Straw Buyers and Illegal Car Exports

The trade of vehicles between North America and China has garnered significant attention due to the involvement of illicit practices. Specifically, these practices primarily revolve around exports from North America to China and often entail the use of straw buyers. This blog will shed some light on the legal implications surrounding these car exports, and examine the role of straw buyers, and the legal consequences associated with their involvement.


The Illegal Car Export Market in Vancouver

Many luxury brands and in particular SUVs are sought after in China due to their premium status. Criminal organizations have identified an opportunity for profit by purchasing luxury vehicles in Vancouver with proceeds of crime and exporting those vehicles to foreign markets, such as China, for a substantial profit. Some examples of sought-after brands include but are not limited to:

  • BMW,
  • Mercedes-Benz,
  • Audi,
  • Porsche,
  • Lexus,
  • Land Rover,
  • Cadillac, and
  • Maserati.

These organizations are sophisticated and employ various people to achieve their ends.


What is a Straw Buyer?

In short, a straw buyer is someone who purchases an asset on behalf of another party. Straw buyers act as intermediaries in the car export trade, purchasing vehicles on behalf of criminal networks. In some cases, the straw buyer is a knowing part of the criminal organization. They will employ fraudulent means, such as providing false identities, falsifying financial information, and engaging in deceptive transactions, to bypass regulations and deceive legitimate sellers.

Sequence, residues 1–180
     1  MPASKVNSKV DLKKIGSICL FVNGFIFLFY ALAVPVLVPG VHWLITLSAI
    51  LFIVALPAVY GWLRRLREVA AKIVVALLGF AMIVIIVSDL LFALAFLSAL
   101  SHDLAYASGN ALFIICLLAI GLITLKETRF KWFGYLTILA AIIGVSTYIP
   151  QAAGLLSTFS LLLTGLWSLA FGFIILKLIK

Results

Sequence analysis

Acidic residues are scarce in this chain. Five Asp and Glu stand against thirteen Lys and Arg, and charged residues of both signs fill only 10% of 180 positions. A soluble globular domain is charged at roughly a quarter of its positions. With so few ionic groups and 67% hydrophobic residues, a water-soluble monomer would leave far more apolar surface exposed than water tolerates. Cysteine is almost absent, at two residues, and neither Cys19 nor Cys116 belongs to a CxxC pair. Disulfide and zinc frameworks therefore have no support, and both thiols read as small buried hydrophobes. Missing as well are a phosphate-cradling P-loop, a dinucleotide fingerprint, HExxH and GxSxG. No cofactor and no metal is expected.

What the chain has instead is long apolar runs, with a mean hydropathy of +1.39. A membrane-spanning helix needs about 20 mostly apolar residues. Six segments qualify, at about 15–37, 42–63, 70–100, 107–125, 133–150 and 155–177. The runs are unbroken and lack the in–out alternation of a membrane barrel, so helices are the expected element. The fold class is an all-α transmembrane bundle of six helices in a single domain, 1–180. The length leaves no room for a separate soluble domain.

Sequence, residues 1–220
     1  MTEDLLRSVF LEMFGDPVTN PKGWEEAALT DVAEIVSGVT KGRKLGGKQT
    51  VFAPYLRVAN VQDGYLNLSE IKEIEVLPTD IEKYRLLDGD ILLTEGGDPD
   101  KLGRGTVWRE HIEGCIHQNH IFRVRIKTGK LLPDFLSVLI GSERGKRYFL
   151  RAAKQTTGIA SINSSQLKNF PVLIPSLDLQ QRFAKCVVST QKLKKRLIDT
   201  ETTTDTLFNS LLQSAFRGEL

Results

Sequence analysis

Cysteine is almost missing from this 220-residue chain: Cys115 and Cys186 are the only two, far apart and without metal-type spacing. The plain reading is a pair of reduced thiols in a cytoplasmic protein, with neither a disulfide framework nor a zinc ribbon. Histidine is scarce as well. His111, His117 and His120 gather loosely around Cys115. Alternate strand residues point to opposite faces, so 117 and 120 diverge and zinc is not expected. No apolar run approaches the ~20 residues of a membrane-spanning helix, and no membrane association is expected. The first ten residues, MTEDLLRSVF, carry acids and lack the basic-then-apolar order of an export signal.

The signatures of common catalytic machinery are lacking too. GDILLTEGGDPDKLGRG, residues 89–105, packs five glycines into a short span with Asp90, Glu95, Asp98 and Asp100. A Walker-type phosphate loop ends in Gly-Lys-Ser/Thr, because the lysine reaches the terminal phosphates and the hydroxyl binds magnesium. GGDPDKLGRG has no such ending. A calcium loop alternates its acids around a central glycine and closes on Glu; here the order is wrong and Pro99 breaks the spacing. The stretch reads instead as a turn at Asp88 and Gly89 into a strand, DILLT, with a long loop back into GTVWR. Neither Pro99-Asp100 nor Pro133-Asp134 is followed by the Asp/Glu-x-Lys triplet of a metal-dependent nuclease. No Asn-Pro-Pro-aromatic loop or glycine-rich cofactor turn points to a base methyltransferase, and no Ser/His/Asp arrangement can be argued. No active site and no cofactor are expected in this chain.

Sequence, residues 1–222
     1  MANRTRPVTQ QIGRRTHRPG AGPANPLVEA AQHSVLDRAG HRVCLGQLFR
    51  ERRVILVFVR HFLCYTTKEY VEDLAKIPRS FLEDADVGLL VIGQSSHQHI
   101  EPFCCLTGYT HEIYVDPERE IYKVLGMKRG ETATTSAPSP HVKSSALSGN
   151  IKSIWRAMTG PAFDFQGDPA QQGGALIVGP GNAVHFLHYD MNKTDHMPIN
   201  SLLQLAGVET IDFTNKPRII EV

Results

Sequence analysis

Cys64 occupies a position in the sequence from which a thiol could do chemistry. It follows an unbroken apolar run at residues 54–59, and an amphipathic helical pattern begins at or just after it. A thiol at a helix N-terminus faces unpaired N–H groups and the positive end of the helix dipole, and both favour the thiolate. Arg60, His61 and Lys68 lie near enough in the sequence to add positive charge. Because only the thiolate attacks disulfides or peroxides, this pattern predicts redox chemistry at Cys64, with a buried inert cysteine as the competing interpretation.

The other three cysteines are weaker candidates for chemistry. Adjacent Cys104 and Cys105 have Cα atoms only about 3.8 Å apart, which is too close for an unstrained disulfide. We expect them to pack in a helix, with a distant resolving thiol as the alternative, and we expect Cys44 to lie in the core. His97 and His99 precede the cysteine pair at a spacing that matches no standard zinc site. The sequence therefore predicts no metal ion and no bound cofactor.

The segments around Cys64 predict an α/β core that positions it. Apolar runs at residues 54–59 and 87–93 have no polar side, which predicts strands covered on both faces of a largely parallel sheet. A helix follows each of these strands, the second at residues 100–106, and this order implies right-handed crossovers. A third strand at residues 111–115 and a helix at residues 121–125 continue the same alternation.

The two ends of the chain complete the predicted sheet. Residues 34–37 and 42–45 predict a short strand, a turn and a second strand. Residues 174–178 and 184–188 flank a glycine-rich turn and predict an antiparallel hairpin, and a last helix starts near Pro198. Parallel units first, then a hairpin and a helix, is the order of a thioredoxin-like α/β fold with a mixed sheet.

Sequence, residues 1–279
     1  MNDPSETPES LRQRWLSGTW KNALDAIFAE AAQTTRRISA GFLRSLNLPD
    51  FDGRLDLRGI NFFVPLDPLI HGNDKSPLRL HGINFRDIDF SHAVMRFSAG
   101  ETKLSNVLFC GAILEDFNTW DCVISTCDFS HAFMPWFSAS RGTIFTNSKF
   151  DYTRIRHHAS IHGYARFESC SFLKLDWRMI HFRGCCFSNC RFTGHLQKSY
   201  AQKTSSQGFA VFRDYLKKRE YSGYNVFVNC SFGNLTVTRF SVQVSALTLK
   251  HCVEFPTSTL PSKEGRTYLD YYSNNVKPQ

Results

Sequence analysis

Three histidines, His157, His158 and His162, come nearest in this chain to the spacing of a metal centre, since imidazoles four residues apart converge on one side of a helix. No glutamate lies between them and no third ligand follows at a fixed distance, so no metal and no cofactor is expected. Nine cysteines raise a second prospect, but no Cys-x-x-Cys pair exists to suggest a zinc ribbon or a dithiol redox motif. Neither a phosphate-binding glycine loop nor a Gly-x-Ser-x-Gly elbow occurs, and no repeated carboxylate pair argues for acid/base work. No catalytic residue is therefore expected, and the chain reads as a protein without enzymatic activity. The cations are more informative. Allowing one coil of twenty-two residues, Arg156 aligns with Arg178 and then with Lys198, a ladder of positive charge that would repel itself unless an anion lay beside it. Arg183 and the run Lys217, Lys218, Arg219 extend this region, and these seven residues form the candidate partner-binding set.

In other cases, a criminal organization will convince otherwise innocent straw buyers to purchase the target vehicle in their name. Here is a hypothetical scenario:

  1. A member of a criminal organization, John, approaches a potential straw buyer, Sam.
  2. John offers Sam $5,000 for Sam to lease a fully loaded 2024 BMW X5 and then transfer the BMW to John.
  3. John tells Sam that:
    1. John will make the monthly payments;
    2. John will buy the vehicle; or,
    3. in any event, Sam can report the vehicle stolen.
  4. Sam agrees.
  5. John gives Sam $5,000 and the down payment for the vehicle.
  6. Sam goes to the dealership and leases the BMW.
  7. Sam takes the BMW to John and hands over the keys.
  8. John exports the BMW.
  9. Later, John stops giving Sam money for the lease.

In this scenario, Sam is not part of the organization. John is using Sam’s credit to purchase the luxury vehicle, not intending to pay Sam back. This greatly increases the profit the organization makes from the final sale of the car and puts Sam in a challenging and complicated legal situation.


Legal Implications

Straw buyers are frequently left holding the bag and immediately face numerous consequences. First, the seller of the vehicle may sue the straw buyer for breach of contract and the value of the lost vehicle. If the vehicle is not recovered, this amount can be well over $100,000.

Second, the straw buyer will have difficulty suing for the promised lease payments because the courts do not enforce illegal contracts. Generally, a contract made for an illegal purpose, such as defrauding a dealership or smuggling goods, is not enforceable.

Third, the straw buyer may be investigated and charged with Fraud contrary to the Criminal Code of Canada.

Fourth, if the straw buyer falsely reports the vehicle as stolen, they can face additional charges for Fraud against ICBC.

Related: The Police Took My Stuff, Can I Get it Back?



If you or someone you know may be involved in acting as a straw buyer, contact the experienced lawyers at Filkow Law for legal assistance.